What We Worry About
Author: Greg Valliere
February 7, 2019
WE’VE BEEN CONSISTENTLY UPBEAT about the U.S. economic fundamentals, which still look solid. But we’re in an industry that has to worry about what might go wrong, so let’s look this morning at what worries us on the policy front:
DEFICITS: In a full employment economy, deficits should be falling but red ink will soon exceed $1 trillion annually — and no one seems to care. Both parties are equally complicit and equally indifferent; policies to reduce the deficit are considered politically toxic. The long-term issue is borrowing costs, as paying interest on the debt becomes a major economic drag by early in the next decade. Yet the threat posed by dramatically higher deficits wasn’t even mentioned in Tuesday’s State of the Union address.
SUBPOENAS AND INDICTMENTS: The concept of bipartisanship is laughable, as Democrats launch an all-out assault on Donald Trump and his inner circle — his tax returns are back in play, the House Intelligence Committee will re-open its probe of possible collusion with Russia, and sealed testimony from key Trump aides will be released to Robert Mueller’s staff, which will focus on perjury indictments. Impeachment in the House is possible this spring; conviction in the Senate is still unlikely, but this will be very bumpy ride.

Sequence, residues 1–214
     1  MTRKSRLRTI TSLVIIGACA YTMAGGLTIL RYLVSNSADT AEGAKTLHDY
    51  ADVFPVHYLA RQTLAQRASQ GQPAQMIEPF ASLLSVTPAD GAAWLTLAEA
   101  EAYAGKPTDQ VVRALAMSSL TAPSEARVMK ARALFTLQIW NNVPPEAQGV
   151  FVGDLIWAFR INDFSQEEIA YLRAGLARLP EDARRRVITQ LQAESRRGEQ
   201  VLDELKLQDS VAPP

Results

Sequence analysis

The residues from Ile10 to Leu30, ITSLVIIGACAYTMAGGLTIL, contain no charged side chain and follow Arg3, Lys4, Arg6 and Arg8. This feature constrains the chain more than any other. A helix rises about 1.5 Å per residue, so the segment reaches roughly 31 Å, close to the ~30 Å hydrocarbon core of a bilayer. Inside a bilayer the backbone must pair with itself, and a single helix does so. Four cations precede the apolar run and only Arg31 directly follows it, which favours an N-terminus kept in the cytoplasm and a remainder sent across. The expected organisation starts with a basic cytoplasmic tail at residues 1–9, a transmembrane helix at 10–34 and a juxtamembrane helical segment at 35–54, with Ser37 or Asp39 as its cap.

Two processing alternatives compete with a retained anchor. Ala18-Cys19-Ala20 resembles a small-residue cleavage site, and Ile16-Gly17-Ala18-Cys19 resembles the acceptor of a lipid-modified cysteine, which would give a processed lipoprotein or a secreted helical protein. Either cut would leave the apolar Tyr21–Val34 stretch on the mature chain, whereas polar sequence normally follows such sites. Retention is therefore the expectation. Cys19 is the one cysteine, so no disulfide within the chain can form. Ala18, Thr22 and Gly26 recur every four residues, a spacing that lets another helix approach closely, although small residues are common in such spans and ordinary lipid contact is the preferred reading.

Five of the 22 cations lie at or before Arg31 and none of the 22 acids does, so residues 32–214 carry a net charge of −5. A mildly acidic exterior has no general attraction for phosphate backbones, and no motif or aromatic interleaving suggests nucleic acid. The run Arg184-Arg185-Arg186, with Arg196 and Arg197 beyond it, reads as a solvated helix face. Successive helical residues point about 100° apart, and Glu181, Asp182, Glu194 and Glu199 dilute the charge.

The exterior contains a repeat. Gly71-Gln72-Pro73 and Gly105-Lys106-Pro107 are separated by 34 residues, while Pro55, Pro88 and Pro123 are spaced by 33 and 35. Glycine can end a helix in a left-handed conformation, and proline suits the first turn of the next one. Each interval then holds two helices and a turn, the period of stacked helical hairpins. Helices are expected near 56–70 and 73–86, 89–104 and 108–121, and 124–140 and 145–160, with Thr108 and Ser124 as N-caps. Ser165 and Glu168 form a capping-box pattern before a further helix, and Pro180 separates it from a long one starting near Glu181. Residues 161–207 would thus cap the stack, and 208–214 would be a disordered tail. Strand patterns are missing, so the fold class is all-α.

EUROPE: Economic growth in key countries such as Germany is increasingly anemic, amid growing concerns that a “messy Brexit” could plunge the U.K. into chaos in late March. And then there’s the tear gas in Paris and other French cities as young radicals revolt against a system that seemingly ignores their concerns; will this anger spread to other countries? For now, the EU seems safe, but some members like Italy still want to evade budget rules.
A SLOW SLOG ON TRADE: It’s unrealistic to expect a final U.S.-China deal by the March 2 deadline, and a delay could increase the threat of stiffer American tariffs. The deadline probably will get extended, and a splashy Trump-Xi summit may produce an agreement in principle by summer. But this will take time; key issues (including enforcement mechanisms) are unresolved. And trade agreements that seemingly were resolved — such as a modest NAFTA replacement — could encounter stiff resistance in Congress.
TAXES: Democrats running for president are trying to out-bid each other on tax hikes: raise the top rate, impose a wealth tax, dramatically hike the estate tax, etc. Polls show astonishingly strong support for tax hikes, which are favored by Democrats, Republicans and — especially — young people. The Trump tax cuts will remain in place into 2021, but then there could be significant changes if a Democrat captures the White House. By early in the next decade, corporations and wealthy Americans could be vulnerable on this key issue.
BOTTOM LINE: An increasingly dovish Fed will counter some of these concerns; former Fed Chair Janet Yellen said yesterday that the central bankers’ next move could be a rate cut. But the economic outlook isn’t the problem — it’s the pervasive policy uncertainty, largely in Washington, which the markets can’t overlook.
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